Here is where the story takes a sudden twist. Jonah becomes extremely angry. He views the way God has treated Nineveh, with grace and mercy, as a great evil, an injustice! Jonah then confesses to the audience that he did not flee the calling of God back in Jerusalem because he was scared to die at the hands of the Assyrians. Instead, he fled because knew how good, merciful, and kind their God of would be to Nineveh if they repented, and he did not want to give them the opportunity to repent. In the same way that he represented Israel when he embodied the people’s tradition of repentance, Jonah now seems to represent the collective resentment that the Jews in the Return, or during 2nd Temple Judaism, felt towards God for not seeming to fulfill his former prophecies of utterly destroying their enemy nations.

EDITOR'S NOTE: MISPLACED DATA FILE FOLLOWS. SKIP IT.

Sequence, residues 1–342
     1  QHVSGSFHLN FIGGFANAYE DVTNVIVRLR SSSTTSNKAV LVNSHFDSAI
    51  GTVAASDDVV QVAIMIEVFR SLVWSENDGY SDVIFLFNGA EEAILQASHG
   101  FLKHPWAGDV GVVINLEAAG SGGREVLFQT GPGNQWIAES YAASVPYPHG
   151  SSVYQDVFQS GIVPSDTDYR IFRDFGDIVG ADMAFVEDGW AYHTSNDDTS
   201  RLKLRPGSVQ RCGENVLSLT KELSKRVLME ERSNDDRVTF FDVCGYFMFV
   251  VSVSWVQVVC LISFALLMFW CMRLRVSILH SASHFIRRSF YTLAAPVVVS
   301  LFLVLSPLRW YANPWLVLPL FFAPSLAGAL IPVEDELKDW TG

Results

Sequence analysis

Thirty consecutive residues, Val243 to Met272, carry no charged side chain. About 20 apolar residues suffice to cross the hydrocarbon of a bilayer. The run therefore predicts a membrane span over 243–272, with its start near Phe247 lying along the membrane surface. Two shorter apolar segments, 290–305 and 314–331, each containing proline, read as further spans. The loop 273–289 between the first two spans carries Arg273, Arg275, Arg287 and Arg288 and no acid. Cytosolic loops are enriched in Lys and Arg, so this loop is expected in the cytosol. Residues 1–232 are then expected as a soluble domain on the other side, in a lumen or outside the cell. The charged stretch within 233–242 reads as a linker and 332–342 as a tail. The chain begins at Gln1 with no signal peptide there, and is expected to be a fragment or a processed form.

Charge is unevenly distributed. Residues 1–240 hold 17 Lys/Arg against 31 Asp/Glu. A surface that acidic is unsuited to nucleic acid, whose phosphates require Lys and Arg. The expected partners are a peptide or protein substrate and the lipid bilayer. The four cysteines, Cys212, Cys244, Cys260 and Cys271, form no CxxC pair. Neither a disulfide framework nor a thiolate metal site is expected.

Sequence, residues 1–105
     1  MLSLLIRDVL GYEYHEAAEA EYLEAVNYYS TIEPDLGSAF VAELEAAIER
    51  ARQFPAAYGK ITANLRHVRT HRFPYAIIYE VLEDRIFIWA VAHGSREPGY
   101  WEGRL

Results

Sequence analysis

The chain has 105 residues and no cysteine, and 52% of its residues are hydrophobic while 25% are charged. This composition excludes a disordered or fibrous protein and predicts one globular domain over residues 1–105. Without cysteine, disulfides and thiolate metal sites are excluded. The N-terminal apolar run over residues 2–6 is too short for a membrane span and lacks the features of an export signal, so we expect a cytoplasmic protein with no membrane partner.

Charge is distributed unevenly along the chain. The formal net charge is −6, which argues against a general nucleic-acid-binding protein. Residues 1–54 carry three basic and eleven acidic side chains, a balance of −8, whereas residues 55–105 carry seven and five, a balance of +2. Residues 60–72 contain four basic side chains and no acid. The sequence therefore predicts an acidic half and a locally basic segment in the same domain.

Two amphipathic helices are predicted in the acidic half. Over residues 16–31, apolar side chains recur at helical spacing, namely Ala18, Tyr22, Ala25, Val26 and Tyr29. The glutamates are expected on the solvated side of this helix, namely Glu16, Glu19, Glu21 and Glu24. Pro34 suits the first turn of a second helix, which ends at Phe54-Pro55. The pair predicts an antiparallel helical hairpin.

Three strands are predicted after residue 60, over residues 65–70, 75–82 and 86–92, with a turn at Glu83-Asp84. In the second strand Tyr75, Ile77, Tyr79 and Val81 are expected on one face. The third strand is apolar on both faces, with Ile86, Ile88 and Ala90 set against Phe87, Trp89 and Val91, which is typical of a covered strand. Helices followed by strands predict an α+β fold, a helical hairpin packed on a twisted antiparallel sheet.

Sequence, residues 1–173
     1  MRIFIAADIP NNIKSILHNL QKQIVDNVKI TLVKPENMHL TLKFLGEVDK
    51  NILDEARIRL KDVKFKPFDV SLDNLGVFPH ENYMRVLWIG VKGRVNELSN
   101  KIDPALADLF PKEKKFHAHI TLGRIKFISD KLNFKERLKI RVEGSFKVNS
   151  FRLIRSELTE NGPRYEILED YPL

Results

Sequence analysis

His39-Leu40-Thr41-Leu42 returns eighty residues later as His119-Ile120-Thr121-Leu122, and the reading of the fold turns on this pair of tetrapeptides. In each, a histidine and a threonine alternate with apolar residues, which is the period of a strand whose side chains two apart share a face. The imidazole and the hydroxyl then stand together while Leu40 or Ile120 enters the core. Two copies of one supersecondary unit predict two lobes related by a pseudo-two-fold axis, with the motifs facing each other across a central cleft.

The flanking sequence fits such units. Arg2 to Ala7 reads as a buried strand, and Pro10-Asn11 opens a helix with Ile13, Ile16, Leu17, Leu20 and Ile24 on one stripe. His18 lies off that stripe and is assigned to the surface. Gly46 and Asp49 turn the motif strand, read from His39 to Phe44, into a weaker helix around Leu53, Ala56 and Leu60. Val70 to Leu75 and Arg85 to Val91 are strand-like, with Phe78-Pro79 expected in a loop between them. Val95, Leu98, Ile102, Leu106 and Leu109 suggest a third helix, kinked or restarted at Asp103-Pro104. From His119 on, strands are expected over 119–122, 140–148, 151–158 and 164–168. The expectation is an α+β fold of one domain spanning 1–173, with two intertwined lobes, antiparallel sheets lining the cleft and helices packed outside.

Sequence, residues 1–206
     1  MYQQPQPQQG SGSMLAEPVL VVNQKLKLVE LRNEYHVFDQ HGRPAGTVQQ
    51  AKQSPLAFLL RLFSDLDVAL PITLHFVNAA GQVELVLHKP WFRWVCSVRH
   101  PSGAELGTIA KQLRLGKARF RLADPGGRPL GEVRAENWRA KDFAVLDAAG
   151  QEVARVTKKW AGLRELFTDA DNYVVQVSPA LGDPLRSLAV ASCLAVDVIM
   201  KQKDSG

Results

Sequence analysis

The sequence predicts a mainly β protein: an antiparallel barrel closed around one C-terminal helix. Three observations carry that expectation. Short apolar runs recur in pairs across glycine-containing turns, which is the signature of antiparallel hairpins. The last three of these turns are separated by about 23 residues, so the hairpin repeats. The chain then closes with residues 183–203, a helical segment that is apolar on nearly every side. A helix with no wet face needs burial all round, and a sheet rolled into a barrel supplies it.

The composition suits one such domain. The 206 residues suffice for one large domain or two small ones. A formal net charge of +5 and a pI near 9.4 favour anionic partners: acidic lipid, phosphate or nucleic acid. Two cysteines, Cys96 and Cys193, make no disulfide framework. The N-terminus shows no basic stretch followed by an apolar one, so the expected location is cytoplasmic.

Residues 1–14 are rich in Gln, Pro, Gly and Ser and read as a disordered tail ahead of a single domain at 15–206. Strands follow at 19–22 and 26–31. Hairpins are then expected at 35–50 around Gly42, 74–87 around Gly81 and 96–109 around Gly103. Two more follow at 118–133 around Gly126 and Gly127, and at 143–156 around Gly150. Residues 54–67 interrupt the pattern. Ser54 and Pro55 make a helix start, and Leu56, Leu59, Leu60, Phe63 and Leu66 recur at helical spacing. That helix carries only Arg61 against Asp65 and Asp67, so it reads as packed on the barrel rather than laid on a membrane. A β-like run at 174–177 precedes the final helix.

God’s response to Jonah is a simple question, “Is it any good for you to be angry?” Jonah ignores God and simply desires to die rather than live in a world where God is merciful to Israel’s enemy nations. God creates a plant to care for Jonah, but then takes it away, sparking the prophet’s anger once again. God rebukes Jonah for his anger. He must learn that God, as Creator of nations and peoples, desires all of them to repent and learn to obey his teaching for how to live in his creation. Anger does no good for Israel. Anger of past sufferings, anger over their perceptions of injustice, anger rooted in their expectations about what God should do on behalf of his people. Anger does no good.